Why viral cat videos might kill the planet

Agenda guest Ron Deibert, of U of T’s Citizen Lab, looks at the negative impact the internet is having on our climate
By Daniel Kitts - Published on Jan 28, 2021
Ron Deibert has written about how our use of the internet and social media “generates a kind of hidden tax on the natural environment." (Gregor Fischer/republica/flickr.com)



As director of the University of Toronto’s Citizen Lab, Ron Deibert has spent years thinking about how the latest communication technologies are affecting us all. On Wednesday’s episode of The Agenda, he talked to Steve Paikin about his new book Reset: Reclaiming the Internet for Civil Society.

They had a wide-ranging conversation about the often very negative effects that the internet and social media have on democracy and how people consume information.


One aspect of Deibert’s book they didn’t have time to cover is the threat the internet poses to our environment.

During the pandemic, I’ve taken some solace in the fact that I’ve at least been reducing my carbon footprint while being holed up at home, since I’ve been driving less and travelling less.

But it turns out that Netflix streaming and videoconferencing with coworkers are actually having a considerable impact on climate change.

The internet’s “hidden tax”

While our digital experiences may feel “clean,” Deibert writes, our use of the internet and social media “generates a kind of hidden tax on the natural environment that we don’t feel, see, smell or touch as we blithely swipe away at a text or tweet.”

A man filming in The Agenda studio

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One 2019 study estimated that the energy used by digital technologies accounted for 3.7 per cent of global greenhouse-gas emissions — a higher percentage than what’s produced by air travel. And keep in mind: that estimate was made before internet usage increased by 50 to 70 per cent in the first few months of the pandemic.

The problem is the enormous amounts of electricity required for all those emails, internet searches, and video streams. Much of the world’s energy is still produced by coal and other fossil fuels. Even if you live in a place such as Ontario, where the electricity grid is relatively emission-free, you’re still not off the hook: your internet and video-streaming activities rely on large, energy-hungry data centres in parts of the world still heavily dependent on coal-fired power plants.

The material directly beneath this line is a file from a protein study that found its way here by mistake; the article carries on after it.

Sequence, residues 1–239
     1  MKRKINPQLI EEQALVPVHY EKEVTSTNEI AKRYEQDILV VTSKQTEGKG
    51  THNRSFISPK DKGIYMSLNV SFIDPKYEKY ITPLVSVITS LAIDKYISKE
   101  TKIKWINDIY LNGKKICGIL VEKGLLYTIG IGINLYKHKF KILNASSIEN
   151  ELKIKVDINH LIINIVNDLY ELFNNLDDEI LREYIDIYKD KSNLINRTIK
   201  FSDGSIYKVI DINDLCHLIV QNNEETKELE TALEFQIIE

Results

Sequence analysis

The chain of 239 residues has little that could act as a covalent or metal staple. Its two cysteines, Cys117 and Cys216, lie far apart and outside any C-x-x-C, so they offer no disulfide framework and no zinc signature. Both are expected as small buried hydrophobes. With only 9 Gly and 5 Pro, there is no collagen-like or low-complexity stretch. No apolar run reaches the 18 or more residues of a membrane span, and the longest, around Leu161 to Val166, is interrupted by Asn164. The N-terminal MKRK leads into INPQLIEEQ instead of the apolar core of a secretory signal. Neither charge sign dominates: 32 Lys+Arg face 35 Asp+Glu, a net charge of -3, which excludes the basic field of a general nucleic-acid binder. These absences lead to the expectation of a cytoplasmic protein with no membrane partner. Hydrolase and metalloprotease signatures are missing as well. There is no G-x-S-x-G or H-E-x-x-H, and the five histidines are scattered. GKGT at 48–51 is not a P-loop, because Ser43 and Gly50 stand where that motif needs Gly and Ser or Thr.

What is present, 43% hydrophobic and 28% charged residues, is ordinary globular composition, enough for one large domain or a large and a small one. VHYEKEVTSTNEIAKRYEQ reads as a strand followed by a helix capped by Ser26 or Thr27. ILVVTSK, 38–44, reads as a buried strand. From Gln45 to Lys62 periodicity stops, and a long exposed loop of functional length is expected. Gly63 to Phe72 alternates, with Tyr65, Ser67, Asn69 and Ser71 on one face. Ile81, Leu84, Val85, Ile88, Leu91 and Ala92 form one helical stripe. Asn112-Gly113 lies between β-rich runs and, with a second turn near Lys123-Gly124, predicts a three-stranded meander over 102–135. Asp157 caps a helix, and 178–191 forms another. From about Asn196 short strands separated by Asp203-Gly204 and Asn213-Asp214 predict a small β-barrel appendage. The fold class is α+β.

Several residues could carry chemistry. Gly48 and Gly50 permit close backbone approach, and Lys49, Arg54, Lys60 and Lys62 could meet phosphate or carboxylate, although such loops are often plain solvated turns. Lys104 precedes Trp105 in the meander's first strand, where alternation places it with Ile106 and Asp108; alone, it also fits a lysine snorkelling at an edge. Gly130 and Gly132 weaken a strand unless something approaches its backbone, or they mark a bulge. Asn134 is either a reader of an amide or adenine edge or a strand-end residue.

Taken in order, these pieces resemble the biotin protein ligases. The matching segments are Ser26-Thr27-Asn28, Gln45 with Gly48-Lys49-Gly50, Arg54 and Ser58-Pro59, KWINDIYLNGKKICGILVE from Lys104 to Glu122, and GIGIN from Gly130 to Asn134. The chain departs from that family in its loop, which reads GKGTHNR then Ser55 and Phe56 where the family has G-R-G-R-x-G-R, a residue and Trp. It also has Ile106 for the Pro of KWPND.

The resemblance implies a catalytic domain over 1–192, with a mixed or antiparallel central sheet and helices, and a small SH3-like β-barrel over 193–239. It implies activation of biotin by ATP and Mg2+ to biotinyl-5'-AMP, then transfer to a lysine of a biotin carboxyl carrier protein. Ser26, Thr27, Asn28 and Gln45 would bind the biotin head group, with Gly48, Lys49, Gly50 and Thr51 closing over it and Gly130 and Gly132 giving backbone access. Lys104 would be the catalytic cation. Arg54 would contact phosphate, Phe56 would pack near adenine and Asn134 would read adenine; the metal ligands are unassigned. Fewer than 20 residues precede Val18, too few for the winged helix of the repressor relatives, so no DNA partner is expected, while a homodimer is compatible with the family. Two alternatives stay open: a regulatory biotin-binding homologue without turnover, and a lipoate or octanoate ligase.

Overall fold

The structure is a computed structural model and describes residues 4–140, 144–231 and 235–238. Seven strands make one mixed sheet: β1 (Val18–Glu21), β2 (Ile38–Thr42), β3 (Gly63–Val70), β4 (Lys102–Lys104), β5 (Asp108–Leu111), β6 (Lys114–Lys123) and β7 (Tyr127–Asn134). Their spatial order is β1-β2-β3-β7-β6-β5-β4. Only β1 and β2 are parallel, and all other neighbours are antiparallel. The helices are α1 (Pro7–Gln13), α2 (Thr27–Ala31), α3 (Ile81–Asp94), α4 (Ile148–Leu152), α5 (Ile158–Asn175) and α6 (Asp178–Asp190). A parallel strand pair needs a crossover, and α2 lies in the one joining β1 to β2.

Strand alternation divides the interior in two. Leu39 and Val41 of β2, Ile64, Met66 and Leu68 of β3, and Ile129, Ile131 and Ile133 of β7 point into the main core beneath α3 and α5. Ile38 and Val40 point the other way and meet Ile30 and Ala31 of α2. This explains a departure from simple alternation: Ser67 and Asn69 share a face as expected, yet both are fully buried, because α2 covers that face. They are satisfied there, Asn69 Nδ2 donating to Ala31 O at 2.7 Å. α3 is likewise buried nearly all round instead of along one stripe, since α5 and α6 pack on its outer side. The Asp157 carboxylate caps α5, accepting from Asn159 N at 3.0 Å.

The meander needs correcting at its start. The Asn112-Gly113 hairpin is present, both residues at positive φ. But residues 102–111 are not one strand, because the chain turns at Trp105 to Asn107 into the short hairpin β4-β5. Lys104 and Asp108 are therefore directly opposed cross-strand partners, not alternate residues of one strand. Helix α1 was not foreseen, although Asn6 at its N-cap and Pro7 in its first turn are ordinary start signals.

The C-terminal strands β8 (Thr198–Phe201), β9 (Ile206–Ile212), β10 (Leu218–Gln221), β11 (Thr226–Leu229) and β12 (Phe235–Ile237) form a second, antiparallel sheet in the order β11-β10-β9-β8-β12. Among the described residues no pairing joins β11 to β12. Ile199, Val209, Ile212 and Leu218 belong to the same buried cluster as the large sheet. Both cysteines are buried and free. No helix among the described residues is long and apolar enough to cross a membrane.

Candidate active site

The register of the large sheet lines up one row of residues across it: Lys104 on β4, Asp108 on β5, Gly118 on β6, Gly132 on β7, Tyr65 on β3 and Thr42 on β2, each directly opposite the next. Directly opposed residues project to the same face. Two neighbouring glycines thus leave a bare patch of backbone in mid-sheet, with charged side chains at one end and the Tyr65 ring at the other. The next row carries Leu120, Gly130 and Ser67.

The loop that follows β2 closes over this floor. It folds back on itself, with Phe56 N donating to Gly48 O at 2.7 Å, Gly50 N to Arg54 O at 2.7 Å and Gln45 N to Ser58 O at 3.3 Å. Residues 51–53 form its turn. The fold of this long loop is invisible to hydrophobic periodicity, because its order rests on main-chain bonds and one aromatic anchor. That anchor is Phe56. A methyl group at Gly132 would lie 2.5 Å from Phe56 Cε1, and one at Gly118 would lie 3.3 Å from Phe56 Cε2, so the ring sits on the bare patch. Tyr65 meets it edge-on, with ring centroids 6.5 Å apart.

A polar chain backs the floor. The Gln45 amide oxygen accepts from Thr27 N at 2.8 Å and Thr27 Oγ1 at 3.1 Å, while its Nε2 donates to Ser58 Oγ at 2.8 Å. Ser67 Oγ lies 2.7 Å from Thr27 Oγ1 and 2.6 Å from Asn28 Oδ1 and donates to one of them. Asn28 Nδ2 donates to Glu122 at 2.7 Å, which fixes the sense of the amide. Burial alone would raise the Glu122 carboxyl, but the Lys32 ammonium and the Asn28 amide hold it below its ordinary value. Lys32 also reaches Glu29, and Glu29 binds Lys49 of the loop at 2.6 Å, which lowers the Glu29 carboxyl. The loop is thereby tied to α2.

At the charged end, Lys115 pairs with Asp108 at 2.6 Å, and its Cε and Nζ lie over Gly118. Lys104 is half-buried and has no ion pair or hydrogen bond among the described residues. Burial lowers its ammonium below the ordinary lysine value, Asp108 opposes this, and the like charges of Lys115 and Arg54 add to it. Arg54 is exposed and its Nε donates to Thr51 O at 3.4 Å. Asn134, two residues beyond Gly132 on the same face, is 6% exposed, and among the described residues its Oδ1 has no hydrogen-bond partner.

As Deibert notes, a 2017 study by Greenpeace found that some tech giants, such as Google and Facebook, are making significant efforts to reduce their electricity consumption and to use green energy. But it also found that others — Amazon and Netflix, for example — were falling short or failing to be transparent about their electricity use.  

And demand for digital technology — and the energy to power it — is only growing. “Over half of the world’s population is not yet connected to the internet, but that is changing fast,” Deibert writes.

Dirty devices

The environmental damage caused by our digital habits isn’t limited to the energy used to power them. Smartphones and tablets require materials mined in energy-intensive and environmentally dangerous ways.

Extracting the rare-earth minerals needed for essential components of many digital devices involves treating them with enormous amounts of water and chemicals. Deibert, for example, writes that mining and processing one tonne of rare earth elements creates 75,000 litres of contaminated water and one tonne of radioactive residues. Some of these mining operations are close to major rivers, threatening the drinking water of tens of millions of people.

The mining of other crucial materials for our digital devices, such as the metals used in their batteries, also has potentially devastating environmental side effects.

It is often possible to obtain these materials in a more environmentally friendly way. But, as Deibert points out, a typical smartphone can be made up of tens of thousands of components from all over the world. That means it’s extremely challenging for even a well-intentioned company to ensure that labour and environmental standards are being followed throughout its supply chain.

Time to ditch your phone?  

Does that mean that, if we want to save the planet, we need shut off our laptops, rip out our internet connection and toss our smartphones? Maybe not. Some continue to argue that digital technologies will ultimately help us use energy more wisely, and there are people thinking of ways to make the internet more sustainable.

In his interview with Steve Paikin, Ron Deibert says that the answer is not to get rid of the internet, but to find ways to improve it.

“We’ve got these existential problems that we face collectively,” he says. “If we are going to solve them, we are going to need something like the internet, something like social media. We are going to need something like the devices I carry around with me in order to exchange information, to monitor ourselves and the planet.”

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